We get it, life happens. Especially in 2020. When big things happen, you may need to change your last will and testament or other estate planning document. But how do you make sure those changes are legal and effective? The Law Office of Lori Vella can help.
When Should I Change My Last Will?
There are many reasons why you may want or need to change your will. Some of them may be mandatory, while others are not. Here are some of the most common reasons people edit their wills:
- You Have A Child (Or Another Child) – Whether this is your first child or your fifth, your will should be amended to make sure your assets are distributed between them how you would want them to be.
- You Get Divorced – Many people leave a large majority of their assets to their spouse, but after a divorce, you are likely to rethink that.
- You Purchase A Large Asset – Whether it’s a new home, a rare piece of art, or some other valuable piece of property, make sure it goes where you want it to after your death.
- An Executor or Beneficiary Dies – If someone named in your will dies before you, you will want to reassign their duties or share of your assets.
Of course, these are not the only reasons you can change your last will. Maybe you just changed your mind about who gets the baseball card collection or the shiny red convertible. Regardless of the reason, you should always make sure your Last Will is changed to match your wishes.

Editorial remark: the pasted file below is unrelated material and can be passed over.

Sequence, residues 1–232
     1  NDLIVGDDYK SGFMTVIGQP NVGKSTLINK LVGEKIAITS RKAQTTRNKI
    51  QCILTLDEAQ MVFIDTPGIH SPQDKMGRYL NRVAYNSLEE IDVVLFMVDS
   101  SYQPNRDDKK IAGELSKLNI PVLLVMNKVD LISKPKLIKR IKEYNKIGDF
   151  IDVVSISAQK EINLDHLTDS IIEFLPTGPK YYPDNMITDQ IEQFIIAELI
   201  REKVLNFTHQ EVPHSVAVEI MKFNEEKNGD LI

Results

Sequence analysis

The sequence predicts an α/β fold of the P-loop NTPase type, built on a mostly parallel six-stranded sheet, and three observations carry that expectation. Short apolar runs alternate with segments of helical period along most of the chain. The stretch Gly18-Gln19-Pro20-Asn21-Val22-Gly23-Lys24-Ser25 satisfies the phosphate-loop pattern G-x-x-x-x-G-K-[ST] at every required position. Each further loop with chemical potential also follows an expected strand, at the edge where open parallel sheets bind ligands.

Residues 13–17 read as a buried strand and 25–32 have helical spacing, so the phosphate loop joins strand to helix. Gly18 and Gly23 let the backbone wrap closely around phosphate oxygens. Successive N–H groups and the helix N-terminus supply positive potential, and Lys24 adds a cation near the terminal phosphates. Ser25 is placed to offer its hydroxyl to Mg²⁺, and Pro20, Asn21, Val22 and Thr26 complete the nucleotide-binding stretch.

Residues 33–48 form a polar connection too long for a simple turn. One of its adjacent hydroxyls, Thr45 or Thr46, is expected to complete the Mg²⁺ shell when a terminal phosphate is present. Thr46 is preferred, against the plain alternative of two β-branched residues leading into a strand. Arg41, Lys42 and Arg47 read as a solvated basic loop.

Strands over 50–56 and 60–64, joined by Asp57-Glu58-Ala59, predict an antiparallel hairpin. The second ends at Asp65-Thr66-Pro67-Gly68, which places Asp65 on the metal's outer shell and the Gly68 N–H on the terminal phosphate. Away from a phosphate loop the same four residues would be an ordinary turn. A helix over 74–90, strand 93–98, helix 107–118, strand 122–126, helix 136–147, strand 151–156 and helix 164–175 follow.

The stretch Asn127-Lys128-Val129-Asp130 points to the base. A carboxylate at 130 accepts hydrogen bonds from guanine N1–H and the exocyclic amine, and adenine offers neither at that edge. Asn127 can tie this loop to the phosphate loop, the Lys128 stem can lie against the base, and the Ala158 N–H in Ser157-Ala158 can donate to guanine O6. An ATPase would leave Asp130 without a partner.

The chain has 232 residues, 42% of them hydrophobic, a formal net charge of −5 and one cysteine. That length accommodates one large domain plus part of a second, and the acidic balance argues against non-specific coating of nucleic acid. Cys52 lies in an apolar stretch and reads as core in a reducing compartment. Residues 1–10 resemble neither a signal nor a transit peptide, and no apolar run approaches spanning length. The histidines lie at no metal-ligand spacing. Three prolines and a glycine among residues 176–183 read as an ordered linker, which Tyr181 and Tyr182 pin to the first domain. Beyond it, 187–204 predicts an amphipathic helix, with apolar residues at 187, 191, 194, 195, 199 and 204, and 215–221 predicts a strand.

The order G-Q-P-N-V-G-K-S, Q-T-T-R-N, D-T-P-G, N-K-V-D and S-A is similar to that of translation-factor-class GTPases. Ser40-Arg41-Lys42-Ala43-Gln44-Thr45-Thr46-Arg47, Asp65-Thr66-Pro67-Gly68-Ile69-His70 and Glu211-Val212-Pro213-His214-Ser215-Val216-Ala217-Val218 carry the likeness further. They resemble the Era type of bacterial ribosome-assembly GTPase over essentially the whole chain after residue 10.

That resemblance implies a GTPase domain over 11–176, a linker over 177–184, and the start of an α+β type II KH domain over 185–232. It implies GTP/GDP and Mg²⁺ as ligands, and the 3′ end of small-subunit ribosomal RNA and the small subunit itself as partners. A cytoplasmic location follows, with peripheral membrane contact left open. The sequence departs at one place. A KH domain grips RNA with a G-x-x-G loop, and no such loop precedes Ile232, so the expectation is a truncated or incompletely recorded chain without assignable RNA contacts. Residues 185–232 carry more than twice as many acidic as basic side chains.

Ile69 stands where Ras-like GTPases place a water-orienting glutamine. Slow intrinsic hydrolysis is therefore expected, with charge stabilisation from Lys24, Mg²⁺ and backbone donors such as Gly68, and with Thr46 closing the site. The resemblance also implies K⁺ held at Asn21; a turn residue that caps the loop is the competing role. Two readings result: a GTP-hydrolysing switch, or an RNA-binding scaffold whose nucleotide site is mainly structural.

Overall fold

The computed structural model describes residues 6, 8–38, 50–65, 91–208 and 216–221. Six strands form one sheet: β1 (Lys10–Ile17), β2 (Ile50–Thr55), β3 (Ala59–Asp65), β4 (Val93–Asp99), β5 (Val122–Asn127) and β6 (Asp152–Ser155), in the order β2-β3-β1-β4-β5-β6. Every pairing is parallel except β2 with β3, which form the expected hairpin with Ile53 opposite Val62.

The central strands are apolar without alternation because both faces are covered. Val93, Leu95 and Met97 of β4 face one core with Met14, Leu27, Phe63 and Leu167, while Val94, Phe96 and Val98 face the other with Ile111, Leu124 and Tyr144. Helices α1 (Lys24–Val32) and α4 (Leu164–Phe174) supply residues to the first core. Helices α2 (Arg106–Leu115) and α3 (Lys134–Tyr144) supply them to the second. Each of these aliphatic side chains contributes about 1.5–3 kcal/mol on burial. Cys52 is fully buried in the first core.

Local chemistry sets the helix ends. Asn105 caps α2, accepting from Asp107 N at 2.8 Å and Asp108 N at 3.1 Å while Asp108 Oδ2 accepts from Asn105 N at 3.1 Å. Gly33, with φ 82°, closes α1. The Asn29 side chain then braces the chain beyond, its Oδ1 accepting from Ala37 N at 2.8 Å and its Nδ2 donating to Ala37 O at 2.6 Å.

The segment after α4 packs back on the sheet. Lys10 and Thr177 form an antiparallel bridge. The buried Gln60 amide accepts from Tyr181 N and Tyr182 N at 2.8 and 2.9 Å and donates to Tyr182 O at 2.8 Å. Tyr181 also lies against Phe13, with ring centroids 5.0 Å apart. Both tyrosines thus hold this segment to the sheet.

Get Legal Help Changing Your Last Will or Trust
There are certain Florida laws that must be followed in order for your new will to legally add to your old one. Your new will must still meet all of the same requirements as your old will. To make a change to an existing will, Florida law requires the use of a legal document called a codicil. There are also ways to completely revoke the old will and replace it with a new written will.
Why a New Will or Trust is Better
Although it seems easy enough to simply change or amend your current Last Will or Trust, at times, it is more cost-efficient and safer to obtain a new Will, or to “restate” the Trust (the trust stays the same but the verbiage is re-written). Many attorneys hesitate to change a document drafted by another attorney. It forces us to take on the liability as to the accuracy of that document, and our malpractice insurance may not cover that. Further, with the legal updates, it often makes more sense to obtain an up-to-date document that is not muddied by confusing attached amendment.
Lori Vella is an Estate Planning and Business Attorney. She works virtually throughout Florida and New York, but has her home office in Tampa, Florida. She is mom to a little boy which ignited the passion for helping other families. She and her son enjoy car rides, playgrounds and taking mini-adventures. They also have an organic garden that surprisingly yields vegetables. Lori considers herself well-versed in Seinfeld and welcomes any trivia!
Disclaimer: The Law Office of Lori Vella’s website contains general information directed to Florida residents. This firm does not intend to give legal advice through its pages and/or blog. If you need legal advice, we encourage you to find an attorney licensed in your state. This language on this website does not create an attorney-client relationship between you and this firm.